• Renowned Fashion Photographer Hiro Passes Away At 90 | PetaPixel
    Renowned Japanese American photographer Yasuhiro Wakabayashi, professionally known as Hiro, has passed away at the age of 90. He was best known for his successful editorial and commercial fashion photography career as well as his unique style that has been imitated by many.
  • A photographer’s heartfelt vision of the American West

    A photographer’s heartfelt vision of the American West
    A special memorial exhibition for Ingeborg Gerdes traces the photographer’s fascination with the American West, which started with a road trip to Nevada in 1982 and became a decade-long project.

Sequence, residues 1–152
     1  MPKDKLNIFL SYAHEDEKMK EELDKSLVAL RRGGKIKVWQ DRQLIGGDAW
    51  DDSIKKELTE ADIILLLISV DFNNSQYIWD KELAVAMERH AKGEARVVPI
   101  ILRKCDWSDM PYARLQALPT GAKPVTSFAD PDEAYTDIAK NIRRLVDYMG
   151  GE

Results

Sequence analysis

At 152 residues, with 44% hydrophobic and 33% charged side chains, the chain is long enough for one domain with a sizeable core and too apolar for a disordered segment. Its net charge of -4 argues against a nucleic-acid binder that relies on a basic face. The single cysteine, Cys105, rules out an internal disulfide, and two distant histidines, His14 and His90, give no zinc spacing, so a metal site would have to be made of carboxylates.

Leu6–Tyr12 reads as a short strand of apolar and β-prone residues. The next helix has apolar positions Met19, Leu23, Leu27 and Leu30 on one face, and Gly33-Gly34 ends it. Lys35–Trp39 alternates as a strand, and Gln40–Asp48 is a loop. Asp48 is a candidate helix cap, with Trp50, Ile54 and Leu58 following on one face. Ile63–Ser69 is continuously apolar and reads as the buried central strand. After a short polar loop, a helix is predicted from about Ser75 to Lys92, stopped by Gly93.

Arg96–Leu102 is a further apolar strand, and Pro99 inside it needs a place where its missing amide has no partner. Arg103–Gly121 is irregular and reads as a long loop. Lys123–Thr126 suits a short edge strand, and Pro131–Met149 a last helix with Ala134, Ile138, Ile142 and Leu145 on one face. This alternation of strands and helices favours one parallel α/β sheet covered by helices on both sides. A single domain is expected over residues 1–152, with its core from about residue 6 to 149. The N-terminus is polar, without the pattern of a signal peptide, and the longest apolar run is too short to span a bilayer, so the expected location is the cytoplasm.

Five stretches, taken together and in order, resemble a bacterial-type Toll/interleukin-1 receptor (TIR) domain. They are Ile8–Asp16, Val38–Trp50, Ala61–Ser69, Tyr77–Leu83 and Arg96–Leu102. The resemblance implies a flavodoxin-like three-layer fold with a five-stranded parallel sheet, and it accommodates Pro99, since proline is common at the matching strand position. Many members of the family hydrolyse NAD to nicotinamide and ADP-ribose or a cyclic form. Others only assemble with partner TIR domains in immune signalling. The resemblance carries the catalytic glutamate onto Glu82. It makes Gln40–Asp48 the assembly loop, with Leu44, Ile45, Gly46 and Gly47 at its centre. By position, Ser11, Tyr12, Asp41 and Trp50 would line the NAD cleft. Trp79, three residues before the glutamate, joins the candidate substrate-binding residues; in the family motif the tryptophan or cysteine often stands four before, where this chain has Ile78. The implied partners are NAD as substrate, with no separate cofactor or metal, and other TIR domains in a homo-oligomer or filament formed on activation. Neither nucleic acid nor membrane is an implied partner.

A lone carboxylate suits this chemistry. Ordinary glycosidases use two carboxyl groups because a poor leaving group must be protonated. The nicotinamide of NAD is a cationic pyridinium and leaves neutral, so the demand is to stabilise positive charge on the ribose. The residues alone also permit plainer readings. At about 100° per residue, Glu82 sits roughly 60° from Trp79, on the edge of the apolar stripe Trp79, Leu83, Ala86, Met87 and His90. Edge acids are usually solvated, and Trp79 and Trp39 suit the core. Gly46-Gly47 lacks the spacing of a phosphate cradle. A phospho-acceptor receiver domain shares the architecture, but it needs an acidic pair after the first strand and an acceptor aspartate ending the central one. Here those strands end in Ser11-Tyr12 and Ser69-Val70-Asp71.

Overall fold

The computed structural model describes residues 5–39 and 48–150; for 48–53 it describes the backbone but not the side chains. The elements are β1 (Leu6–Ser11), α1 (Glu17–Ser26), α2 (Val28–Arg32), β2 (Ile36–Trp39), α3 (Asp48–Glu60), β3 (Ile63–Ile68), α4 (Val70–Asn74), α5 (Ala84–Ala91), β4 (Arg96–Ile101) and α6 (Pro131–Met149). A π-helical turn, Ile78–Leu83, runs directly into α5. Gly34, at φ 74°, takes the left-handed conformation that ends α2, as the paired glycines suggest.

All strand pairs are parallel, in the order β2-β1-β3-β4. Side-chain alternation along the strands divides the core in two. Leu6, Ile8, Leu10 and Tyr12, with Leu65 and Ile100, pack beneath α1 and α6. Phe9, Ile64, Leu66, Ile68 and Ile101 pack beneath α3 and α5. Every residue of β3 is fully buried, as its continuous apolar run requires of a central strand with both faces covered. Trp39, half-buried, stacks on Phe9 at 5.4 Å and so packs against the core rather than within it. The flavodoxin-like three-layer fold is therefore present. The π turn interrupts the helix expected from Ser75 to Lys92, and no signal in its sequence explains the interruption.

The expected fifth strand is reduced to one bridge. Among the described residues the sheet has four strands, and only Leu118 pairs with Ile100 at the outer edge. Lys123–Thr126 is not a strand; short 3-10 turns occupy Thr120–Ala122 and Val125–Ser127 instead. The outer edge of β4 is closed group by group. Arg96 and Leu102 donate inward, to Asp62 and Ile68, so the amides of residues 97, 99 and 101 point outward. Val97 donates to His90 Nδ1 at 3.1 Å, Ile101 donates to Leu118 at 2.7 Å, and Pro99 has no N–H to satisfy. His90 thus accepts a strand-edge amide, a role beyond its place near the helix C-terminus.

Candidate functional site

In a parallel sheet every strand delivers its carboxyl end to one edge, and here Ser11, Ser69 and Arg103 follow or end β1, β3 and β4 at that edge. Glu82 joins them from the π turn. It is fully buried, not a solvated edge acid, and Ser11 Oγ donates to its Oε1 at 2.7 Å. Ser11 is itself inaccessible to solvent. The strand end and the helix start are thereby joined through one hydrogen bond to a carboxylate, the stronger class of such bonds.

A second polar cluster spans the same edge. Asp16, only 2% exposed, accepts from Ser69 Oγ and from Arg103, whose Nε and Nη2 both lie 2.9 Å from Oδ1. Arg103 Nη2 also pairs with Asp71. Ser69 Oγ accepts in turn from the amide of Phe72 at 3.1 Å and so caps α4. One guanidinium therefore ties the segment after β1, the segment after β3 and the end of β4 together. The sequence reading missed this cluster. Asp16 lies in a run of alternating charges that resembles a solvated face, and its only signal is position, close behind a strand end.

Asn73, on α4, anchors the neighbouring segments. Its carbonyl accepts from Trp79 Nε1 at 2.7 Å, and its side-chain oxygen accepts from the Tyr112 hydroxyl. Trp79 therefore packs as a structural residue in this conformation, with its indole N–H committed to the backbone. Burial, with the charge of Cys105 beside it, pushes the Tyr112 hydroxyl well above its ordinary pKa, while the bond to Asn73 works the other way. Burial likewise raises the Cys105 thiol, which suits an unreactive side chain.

• Blind – Edward Grazda: A Diary of Afghanistan Before the United States Came to Call

    Edward Grazda: A Diary of Afghanistan Before the United States Came to Call
    For more than 20 years, from the start of the Soviet-Afghan War through the rise of the Taliban and their control of the country, Edward Grazda photographed Afghanistan. The photographs he made show an Afghanistan going through great changes, and mirror what is going on in the country today.
  • Photographers on Photographers: Joel Jimenez Jara in Conversation with Alec Soth – LENSCRATCH
    I learned about Alec Soth’s work right when I was starting my sophomore year in college when I was studying photography. A professor showed me his work for the first time through a photobook (A small version of Sleeping by the Mississippi contained inside the Gathered Leaves compilation).